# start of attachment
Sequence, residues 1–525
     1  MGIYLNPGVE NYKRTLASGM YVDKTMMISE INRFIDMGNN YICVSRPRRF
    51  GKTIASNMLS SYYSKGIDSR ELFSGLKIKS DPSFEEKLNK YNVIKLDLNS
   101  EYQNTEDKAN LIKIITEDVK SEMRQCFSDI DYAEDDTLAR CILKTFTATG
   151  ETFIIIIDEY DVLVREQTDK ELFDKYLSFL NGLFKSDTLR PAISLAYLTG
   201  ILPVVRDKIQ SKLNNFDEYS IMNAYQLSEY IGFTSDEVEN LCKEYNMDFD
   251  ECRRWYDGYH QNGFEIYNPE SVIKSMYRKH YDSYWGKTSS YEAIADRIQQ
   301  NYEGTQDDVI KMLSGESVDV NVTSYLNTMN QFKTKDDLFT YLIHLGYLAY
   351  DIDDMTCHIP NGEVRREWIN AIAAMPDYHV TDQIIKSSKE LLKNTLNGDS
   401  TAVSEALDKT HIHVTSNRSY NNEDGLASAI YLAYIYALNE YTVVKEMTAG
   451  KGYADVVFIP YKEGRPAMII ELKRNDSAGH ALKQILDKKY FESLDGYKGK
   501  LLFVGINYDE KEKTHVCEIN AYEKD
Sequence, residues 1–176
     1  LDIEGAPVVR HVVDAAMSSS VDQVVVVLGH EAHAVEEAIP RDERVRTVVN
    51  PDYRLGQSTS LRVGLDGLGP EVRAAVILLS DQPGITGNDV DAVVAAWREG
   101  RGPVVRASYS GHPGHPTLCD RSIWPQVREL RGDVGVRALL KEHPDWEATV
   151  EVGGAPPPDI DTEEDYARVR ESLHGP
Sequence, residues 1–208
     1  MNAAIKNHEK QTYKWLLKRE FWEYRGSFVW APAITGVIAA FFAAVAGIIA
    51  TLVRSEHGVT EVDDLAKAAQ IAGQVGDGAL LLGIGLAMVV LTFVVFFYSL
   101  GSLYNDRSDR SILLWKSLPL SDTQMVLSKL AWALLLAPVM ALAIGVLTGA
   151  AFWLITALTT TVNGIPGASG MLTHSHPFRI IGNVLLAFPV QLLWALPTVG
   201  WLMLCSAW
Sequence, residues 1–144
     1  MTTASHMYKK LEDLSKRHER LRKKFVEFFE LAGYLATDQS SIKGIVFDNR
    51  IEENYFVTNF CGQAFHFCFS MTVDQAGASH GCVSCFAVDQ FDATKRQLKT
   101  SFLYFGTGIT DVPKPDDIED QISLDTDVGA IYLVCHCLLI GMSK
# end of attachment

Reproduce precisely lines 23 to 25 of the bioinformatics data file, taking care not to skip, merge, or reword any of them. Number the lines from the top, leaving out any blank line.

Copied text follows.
   201  WLMLCSAW
Sequence, residues 1–144
     1  MTTASHMYKK LEDLSKRHER LRKKFVEFFE LAGYLATDQS SIKGIVFDNR